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Ross
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Welcome to the forum.
 

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Welcome to the forum. As for the router I use my 1617EVSPK and it just does the job well, I have a life on mine but it will work directly attached as well. The only time i've had to really slow down how much I take off is either deep cuts or raised panel and that's normal procedure.
 

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You can definitely do rails and stiles with a 1-1/2 hp router; I did several with a porter cable 690 series router. You can use a 2-1/2 hp router to raise panels, but I'm recommend doing it in 2 passes.
 

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I'm a bit more passive and did I think three passes if not four. Even with a 3.5 HP router I'd make multiple passes just because of the amount of wood being removed and of course safety reasons as well. That and my blood doesn't seem to clot as fast these days......I've got more time than I use too as well........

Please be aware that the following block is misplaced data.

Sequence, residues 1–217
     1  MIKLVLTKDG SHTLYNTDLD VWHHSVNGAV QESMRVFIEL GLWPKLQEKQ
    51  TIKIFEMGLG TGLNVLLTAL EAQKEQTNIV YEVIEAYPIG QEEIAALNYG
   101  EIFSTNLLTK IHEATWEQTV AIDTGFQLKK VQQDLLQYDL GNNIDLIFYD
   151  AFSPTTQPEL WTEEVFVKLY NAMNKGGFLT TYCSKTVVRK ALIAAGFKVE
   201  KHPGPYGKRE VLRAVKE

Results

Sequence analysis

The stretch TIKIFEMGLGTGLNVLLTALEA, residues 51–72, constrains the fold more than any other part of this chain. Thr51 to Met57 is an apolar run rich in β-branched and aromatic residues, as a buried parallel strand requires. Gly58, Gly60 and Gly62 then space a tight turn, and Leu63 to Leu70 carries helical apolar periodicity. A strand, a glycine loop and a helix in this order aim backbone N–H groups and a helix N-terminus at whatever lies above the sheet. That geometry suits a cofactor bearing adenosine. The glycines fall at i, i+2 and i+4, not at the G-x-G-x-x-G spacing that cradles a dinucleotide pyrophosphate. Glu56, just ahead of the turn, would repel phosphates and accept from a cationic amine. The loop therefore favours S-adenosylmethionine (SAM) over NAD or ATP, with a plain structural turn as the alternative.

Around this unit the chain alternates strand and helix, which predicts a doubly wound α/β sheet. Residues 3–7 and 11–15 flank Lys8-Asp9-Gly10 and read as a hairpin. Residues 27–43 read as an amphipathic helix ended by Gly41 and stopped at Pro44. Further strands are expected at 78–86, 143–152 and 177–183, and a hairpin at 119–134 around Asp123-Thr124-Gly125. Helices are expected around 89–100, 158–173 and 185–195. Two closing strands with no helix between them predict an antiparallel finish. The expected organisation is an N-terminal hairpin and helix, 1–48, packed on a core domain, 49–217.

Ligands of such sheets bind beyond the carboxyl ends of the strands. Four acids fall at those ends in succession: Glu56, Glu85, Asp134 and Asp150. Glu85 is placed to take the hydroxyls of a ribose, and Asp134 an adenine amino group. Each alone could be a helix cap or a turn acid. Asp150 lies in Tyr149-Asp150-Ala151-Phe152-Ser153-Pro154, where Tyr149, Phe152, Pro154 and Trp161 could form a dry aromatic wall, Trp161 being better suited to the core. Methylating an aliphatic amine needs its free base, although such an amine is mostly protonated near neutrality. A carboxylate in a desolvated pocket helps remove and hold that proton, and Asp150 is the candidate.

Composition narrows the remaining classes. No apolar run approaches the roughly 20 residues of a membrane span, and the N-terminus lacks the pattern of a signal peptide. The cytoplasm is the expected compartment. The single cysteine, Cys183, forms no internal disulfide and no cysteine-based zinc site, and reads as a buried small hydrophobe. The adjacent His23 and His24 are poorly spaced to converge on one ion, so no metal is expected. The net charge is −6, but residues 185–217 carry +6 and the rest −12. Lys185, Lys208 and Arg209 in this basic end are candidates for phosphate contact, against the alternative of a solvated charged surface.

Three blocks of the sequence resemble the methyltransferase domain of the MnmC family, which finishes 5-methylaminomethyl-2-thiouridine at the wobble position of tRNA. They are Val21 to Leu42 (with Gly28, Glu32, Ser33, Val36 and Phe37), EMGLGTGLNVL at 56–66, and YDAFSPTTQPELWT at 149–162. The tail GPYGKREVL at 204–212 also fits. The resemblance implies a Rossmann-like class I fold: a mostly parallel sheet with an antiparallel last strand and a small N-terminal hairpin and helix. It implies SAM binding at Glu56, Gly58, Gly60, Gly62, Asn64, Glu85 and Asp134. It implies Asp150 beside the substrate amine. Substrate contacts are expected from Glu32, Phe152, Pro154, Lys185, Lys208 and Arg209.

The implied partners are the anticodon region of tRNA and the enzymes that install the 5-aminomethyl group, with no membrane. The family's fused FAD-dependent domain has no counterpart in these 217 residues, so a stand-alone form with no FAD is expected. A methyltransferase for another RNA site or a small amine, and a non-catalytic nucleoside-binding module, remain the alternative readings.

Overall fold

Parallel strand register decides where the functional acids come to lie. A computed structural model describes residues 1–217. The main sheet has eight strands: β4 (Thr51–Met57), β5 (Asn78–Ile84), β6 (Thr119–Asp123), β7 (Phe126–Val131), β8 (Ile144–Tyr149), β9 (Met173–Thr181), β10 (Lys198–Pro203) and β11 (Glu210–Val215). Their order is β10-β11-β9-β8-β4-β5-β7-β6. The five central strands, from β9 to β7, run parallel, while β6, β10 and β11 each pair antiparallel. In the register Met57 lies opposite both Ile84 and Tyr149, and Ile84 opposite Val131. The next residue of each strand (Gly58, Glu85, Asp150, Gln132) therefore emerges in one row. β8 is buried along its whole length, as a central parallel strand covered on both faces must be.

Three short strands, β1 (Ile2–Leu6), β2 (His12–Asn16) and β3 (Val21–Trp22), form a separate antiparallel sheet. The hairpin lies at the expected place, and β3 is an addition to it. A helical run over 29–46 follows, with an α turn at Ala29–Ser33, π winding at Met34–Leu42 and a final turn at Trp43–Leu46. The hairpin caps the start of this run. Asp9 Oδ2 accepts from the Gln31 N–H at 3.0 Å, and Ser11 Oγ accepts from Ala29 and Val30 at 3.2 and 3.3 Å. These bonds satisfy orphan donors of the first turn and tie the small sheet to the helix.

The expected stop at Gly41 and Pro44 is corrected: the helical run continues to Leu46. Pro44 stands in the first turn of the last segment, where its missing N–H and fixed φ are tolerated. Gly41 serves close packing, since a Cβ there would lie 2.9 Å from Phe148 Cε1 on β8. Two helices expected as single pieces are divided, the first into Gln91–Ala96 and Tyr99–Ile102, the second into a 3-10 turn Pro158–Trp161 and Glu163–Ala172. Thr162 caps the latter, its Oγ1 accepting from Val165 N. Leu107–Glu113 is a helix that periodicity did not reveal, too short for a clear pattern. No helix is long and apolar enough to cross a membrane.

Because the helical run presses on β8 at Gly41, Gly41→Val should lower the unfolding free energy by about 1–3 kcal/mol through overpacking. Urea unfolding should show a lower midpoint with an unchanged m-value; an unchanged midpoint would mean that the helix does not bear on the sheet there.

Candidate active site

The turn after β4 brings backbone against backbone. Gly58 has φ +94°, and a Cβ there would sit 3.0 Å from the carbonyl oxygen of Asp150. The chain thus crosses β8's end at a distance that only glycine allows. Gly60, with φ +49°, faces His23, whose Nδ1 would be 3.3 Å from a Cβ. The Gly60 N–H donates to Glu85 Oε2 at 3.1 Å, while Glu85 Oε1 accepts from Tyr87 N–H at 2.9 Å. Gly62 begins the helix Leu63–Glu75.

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Using the Bosch lift has a limitation, you have to manually set the router height in the base roughly to the height you want, then use the fine adjustment to set the exact height. It is not fully adjustable from above the table. Given the price difference, I prefer the full adjustment range of the Triton. And yes, you can use the 1617 in the table without a problem. Used the Bosch setup for years and happy with it, but now I'm spoiled to the Triton's full adjustment range. The Bosch routers are my go-to for hand held routing, but whenever possible, I use the table--much safer.
 

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I agree with the 3.25 hp Triton TRA001, especially when mounted on a router table. It has a micro height adjustment feature that eliminates the need for a router lift. I would also recommend you consider the entire router table set up from Sommerfeld Tools. It dramatically simplifies the process of routing 5-part doors. It is worth every penny and routing 5-part doors, for me, is at least twice as fast, if not faster.